Pre-Climb Panic – What to do?
Avoiding preclimb panic kilimanjaro


Pre Climb panic and how to manage it 

If you have climbed Kilimanjaro or are looking at doing so in the future, chances are you are going to be overwhelmed by pre-climb panic. However, fear not as you are not alone. This nervous state of mind that we’ve christened ‘climbaphobia’ affects trekkers of all shapes, sizes and experience levels.  Take me for example. I have been climbing mountains for 20 years including the Himalayas, Kilimanjaro, Russia and South America and I always get the jitters before a climb. Deidre Angella, a psychologist in the UK explains that “it is a normal to worry about something going wrong borne from the fact that you care deeply about the outcome.”  In the context of climbing Kilimanjaro, obviously the pressure you put on yourself to make the summit is your source of anxiety.   You need to learn how to trick your mind and learn that pre climb anxiety is perfectly normal. You need to focus on all the training and preparation you have done leading up to the trip.

There is a saying that goes-‘adversity introduced a man to himself’. The more points of adversity you create in your brain the better. They serve as reference points to confidence and your ability to handle anxiety both before and during your Kilimanjaro trekking experience. Your training regime should see you pushing your physical limits. This in turn will allow you to experience your mental limits. Does the dog wag the tail or does the tail wag the dog?  There will be a constant battle between your mind and body in times of hard physical training. It’s easy to give up. Its the easiest thing in the world to do. 80% of people give up on something.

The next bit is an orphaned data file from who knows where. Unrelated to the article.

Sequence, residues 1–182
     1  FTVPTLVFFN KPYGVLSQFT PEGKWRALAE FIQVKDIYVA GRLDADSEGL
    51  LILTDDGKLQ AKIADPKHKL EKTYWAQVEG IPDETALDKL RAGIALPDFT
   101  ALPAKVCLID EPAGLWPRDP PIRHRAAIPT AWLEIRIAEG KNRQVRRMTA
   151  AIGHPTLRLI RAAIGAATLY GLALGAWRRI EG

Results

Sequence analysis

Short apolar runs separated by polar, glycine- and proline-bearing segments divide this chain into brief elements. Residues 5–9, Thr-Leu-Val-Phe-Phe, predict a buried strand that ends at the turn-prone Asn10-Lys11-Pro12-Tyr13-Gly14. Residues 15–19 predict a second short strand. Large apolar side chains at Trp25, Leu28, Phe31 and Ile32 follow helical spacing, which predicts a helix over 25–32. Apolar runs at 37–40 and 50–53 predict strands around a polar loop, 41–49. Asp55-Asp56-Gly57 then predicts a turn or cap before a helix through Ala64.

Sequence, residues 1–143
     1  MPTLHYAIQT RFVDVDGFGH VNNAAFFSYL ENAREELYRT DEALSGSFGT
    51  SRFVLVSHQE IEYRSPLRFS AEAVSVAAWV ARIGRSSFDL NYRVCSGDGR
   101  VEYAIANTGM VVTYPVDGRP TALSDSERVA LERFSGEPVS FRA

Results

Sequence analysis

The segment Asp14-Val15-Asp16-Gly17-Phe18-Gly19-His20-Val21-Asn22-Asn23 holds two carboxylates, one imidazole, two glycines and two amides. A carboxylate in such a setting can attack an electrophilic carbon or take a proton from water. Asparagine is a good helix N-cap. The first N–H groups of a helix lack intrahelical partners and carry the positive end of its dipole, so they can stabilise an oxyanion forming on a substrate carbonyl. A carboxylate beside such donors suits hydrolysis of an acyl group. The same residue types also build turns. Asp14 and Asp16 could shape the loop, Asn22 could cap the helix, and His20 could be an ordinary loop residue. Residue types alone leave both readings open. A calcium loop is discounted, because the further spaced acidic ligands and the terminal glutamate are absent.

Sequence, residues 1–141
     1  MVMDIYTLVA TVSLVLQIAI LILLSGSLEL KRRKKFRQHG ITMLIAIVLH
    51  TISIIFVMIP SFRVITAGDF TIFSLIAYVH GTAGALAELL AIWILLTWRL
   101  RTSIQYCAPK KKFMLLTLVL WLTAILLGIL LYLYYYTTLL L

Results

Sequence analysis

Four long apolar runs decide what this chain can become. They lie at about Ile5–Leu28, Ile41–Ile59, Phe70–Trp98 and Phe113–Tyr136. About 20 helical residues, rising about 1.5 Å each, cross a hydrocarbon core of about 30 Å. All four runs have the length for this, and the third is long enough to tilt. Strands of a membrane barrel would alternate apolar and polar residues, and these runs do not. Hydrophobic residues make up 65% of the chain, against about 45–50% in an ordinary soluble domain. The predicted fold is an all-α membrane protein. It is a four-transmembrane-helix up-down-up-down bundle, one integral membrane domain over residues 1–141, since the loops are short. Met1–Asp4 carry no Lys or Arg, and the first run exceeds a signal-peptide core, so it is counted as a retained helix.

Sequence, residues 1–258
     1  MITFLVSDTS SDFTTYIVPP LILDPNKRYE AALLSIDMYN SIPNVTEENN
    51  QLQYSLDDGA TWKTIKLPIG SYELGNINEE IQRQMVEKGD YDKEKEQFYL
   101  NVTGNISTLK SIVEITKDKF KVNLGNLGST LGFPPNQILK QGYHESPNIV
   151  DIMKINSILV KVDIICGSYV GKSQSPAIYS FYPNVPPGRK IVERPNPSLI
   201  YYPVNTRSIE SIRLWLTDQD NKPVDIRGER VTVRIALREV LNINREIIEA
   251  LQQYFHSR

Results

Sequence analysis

Watching TV instead of going for a run in the pouring rain and cold is easy to do. But that will not give you the point of adversity you need to create mental stamina needed for climbing a mountain.  Create those neural pathways of adversity and confidence. Push your limits. Okay, so enough of the psychological drama and back to the topic at hand.

Here are 3 of the top “climaphobias’ and how to bash them into submission

“I’m just not fit enough for Kilimanjaro

If you think spending 20 minutes a day running on a treadmill 4 times a day is going to get you up Kilimanjaro then yes, I’d also be panicking. Although the treadmill may maintain a relative level of fitness, it will not get you ‘mountaineering’ fit. The 3 rules of mountaineering can be summed up as : Mountains are always harder, higher and further than they look. Now I may be wrong, but everything seems pretty close on a treadmill. And the temptation to just stop and get off is always there. The best way to understand mountains is to spend time in them.